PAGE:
You can best look at it in the frequency domain. If $x[n]$ is the input sequence and $h[n]$ is the filter's impulse response, then the result of the first filter pass is $$X(e^{j\omega})H(e^{j\omega})... View answer Accepted answer 41 votes OK, I'll try to answer your questions: Q1: the number of taps is not equal the to the filter order. In your example the filter length is 5, i.e. the filter extends over 5 input samples [x(n), x(n-1),... View answer Accepted answer 30 votes When choosing one of these 4 types of linear phase filters there are mainly 3 things to consider: constraints on the zeros of H(z) at z=1 and z=-1 integer/non-integer group delay phase shift (... View answer Accepted answer 25 votes Digital filter design is a very large and mature topic and - as you've mentioned in your question - there is a lot of material available. What I want to try here is to get you started and to make the ... View answer Accepted answer 22 votes I'll use the non-unitary Fourier transform (but this is not important, it's just a preference):$$X(\omega)=\int_{-\infty}^{\infty}x(t)e^{-i\omega t}dt\tag{1}x(t)=\frac{1}{2\pi}\int_{-\infty}^{\...

No, taking the Fourier transform twice is equivalent to time inversion (or inversion of whatever dimension you're in). You just get $x(-t)$ times a constant which depends on the type of scaling you ...

As correctly stated in Peter K.'s answer, this question is about aliasing. Since you can't sample at a rate that is sufficiently high to avoid aliasing - i.e., $f_s>50\textrm{ kHz}$ - you have to ...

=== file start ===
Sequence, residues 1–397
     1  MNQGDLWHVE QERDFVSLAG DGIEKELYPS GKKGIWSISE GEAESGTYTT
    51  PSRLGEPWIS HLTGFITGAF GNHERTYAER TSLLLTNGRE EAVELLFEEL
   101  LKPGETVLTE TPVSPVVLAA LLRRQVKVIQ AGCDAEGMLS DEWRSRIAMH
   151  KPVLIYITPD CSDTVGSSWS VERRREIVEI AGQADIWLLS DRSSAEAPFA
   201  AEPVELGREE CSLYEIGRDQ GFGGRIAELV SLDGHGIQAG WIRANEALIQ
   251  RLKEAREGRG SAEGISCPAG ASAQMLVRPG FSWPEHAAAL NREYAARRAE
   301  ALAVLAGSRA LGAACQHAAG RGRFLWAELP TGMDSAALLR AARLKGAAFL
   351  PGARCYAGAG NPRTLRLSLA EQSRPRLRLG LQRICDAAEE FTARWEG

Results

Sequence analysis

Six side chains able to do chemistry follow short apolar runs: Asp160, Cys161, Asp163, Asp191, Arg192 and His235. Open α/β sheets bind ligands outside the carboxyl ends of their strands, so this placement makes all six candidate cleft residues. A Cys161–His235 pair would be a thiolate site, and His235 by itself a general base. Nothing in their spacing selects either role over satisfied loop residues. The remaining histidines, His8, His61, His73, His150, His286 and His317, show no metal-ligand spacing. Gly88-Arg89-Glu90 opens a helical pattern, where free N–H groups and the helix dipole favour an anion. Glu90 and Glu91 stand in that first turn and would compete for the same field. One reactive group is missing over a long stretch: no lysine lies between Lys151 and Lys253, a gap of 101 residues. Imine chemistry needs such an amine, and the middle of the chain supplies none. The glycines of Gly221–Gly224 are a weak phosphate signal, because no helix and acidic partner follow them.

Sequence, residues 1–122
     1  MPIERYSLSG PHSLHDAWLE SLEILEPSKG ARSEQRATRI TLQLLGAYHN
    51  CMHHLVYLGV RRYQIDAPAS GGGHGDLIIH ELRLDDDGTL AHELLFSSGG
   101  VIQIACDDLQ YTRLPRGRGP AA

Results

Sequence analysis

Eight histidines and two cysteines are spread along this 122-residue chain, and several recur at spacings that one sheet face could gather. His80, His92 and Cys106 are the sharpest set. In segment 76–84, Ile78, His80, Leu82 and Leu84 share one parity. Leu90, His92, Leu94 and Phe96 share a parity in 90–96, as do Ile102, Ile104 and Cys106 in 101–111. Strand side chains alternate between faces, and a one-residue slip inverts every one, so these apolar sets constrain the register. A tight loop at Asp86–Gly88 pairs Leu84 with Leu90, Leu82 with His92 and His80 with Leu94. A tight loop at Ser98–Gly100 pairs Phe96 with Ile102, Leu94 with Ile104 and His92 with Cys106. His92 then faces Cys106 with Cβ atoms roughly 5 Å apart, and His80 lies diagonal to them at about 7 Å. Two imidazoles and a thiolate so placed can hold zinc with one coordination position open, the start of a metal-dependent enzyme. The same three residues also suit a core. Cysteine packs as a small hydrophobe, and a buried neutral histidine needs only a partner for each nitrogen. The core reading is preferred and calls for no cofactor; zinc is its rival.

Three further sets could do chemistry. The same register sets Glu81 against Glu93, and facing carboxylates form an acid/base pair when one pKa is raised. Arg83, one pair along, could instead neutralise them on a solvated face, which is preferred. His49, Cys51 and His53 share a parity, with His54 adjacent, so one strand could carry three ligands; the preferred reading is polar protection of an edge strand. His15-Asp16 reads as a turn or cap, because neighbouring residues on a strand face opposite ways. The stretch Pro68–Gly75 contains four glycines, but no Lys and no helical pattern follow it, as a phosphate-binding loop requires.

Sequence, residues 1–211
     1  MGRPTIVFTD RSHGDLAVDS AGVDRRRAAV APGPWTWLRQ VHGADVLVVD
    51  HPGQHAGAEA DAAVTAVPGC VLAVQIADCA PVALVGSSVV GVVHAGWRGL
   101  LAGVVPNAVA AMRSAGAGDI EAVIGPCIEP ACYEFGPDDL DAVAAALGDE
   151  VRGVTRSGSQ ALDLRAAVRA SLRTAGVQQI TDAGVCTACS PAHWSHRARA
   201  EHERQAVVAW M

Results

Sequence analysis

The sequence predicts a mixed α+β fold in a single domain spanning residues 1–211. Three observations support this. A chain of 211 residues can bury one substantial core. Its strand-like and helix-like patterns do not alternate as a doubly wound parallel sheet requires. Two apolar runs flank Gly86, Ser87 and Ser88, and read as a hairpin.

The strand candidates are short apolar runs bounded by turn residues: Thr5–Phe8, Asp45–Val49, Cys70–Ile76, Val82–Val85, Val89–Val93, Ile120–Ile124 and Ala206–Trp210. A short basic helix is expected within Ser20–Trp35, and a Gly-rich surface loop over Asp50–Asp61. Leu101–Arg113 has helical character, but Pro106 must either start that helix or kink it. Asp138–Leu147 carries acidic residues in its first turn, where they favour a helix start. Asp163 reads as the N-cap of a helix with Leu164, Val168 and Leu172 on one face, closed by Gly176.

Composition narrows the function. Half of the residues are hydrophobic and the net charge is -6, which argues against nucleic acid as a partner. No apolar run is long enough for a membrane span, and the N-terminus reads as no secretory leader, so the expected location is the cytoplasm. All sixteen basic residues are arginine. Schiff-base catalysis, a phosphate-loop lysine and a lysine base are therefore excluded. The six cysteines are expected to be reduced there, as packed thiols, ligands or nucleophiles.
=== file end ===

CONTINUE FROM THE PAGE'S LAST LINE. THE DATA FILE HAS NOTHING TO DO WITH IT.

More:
If you imagine a Dirac delta impulse as the limit of a very narrow very high rectangular impulse with unit area centered at $t=0$, then it's clear that its derivative must be a positive impulse at $0^-... View answer Accepted answer 19 votes The real and imaginary parts of the Fourier transform of a signal$x(t)$are the Fourier transforms of the signal's even and odd parts, respectively: $$X_R(\omega)=\frac12[X(\omega)+X^*(\omega)]\... View answer 18 votes Jojek's answer is of course correct. I would just like to add some more information because much too often have I seen the terms "IIR" and "recursive" confused. The following implications always hold: ... View answer Accepted answer 18 votes The differences you see are due to numerical errors in floating point format. All operations needed to perform an FFT and an inverse FFT can only be done with finite precision and you've shown the ... View answer Accepted answer 17 votes I agree that the windowing filter design method is not one of the most important design methods anymore, and it might indeed be the case that it is overrepresented in traditional textbooks, probably ... View answer 16 votes I agree with pichenettes's answer but I would like to add that it is pretty common practice to use a simple inexpensive low-order analog anti-aliasing filter, and do the rest of the anti-aliasing ... View answer Accepted answer 15 votes The given single-pole IIR filter is also called exponentially weighted moving average (EWMA) filter, and it is defined by the following difference equation:$$y[n]=\alpha x[n]+(1-\alpha)y[n-1],\qquad ... View answer 15 votes The Fourier and the Laplace transform obviously have many things in common. However, there are cases where only one of them can be used, or where it's more convenient to use one or the other. First ... View answer Accepted answer 14 votes It's true that taking the Fourier transform will leave you without any (visible) information on time and vice versa, but of course you don't lose any information, you just represent it in a way such ... View answer 14 votes There are already some good answers, but I still feel like adding yet another explanation, because I consider this topic extremely important for the understanding of many aspects of digital signal ... View answer Accepted answer 14 votes I believe that the fallacy is to believe that a Dirac comb is localized in time. It isn't because it is a periodic function and as such it can only have frequency components at multiples of its ... View answer 14 votes I personally believe that the approach of studying something just in order to "feel ready" to study something else later on is not efficient and tends to overwhelm the student. (This of course only ... View answer Accepted answer 13 votes$X^*(j\omega)$is the complex conjugate of$X(j\omega)$. So if $$X(j\omega)=X_R(\omega)+jX_I(\omega)$$ then $$X^*(j\omega)=X_R(\omega)-jX_I(\omega)$$ and $$X^*(-j\omega)=X_R(-\omega)-jX_I(-\omega)$$ ... View answer Accepted answer 13 votes Of course they don't exist. But we can stop time and use systems that would be non-causal if we hadn't stopped time. Stop time? Yes, just store your data and work offline / non-realtime. Or work on ... View answer Accepted answer 13 votes I think there are actually 3 questions in your question: Q1: Can I derive the frequency response given the poles of a (linear time-invariant) system? Yes, you can, up to a constant. If$s_{\infty,i}$... View answer Accepted answer 13 votes There's a good overview article which appeared in 1996 in the IEEE Signal Processing Magazine: Splitting the unit delay: tools for fractional delay filter design. The nice thing about it is that there'... View answer 12 votes You need to define what you mean by "invertible". Do you mean invertible by a causal and stable system? If yes, then any system that is not minimum-phase is not invertible (because the inverse system ... View answer 12 votes According to your definition of autocorrelation, the autocorrelation is simply the covariance of the two random variables$Z(n)$and$Z(n+\tau)$. This function is also called autocovariance. As an ... View answer Accepted answer 12 votes It's true that zero-padding in the time domain corresponds to interpolation in the frequency domain. If you have a length$N$signal$x[n], its discrete Fourier transform (DFT) is given by $$X[k]=\... View answer Accepted answer 12 votes Matlab's fft functions are all based on FFTW (this is confirmed here), so I guess the obvious choice for you should be FFTW. FFTW is hardware-independent but it can take advantage of some hardware-... View answer 12 votes Let's consider a discrete-time state space model (the derivation for a coninuous-time system is completely analogous):$$\begin{align}\mathbf{q}[n+1]&=\mathbf{Aq}[n]+\mathbf{b}x[n]\\ y[n]&=\... View answer Accepted answer 12 votes You need Parseval's theorem. For the discrete-time Fourier transform (DTFT) you have the following relation: $$\sum_{n=-\infty}^{\infty}|x[n]|^2=\int_{-1/2}^{1/2}|X(f)|^2df\tag{1}$$ wheref$is ... View answer 12 votes Note that$1536 = 3\cdot 512\$. You can use a decimation in time method. See http://www.altera.com/literature/an/an480.pdf I'll add some extra information here in response to your comment to sansuiso'...